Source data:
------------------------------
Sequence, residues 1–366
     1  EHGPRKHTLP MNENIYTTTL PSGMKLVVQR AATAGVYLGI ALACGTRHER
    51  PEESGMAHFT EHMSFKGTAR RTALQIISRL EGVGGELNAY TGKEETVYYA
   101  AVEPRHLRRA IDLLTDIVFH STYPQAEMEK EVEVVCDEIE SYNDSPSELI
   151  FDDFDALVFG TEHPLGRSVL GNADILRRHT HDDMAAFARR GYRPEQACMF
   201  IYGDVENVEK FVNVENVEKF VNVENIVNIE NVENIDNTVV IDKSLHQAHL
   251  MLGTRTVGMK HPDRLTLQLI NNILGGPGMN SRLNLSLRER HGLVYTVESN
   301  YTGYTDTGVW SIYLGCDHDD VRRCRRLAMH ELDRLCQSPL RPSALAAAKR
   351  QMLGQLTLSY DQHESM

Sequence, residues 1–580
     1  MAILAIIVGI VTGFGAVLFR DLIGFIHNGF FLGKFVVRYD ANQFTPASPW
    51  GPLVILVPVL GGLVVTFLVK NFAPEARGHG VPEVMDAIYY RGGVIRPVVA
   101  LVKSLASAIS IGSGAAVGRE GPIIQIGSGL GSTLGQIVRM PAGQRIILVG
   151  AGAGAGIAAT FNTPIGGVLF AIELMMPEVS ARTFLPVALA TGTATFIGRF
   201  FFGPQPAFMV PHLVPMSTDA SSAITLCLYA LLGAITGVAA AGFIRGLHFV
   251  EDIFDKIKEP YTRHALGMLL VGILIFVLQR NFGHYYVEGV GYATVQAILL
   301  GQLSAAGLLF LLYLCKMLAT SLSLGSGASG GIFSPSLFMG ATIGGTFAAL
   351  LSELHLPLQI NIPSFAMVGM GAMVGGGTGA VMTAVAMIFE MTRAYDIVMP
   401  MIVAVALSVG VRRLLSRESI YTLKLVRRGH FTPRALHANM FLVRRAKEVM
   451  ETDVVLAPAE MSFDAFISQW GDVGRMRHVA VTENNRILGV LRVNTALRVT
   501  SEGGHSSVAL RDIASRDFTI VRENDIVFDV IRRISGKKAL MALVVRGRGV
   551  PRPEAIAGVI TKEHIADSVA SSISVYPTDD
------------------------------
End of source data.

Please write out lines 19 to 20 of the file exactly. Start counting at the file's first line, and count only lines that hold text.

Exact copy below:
   401  MIVAVALSVG VRRLLSRESI YTLKLVRRGH FTPRALHANM FLVRRAKEVM
   451  ETDVVLAPAE MSFDAFISQW GDVGRMRHVA VTENNRILGV LRVNTALRVT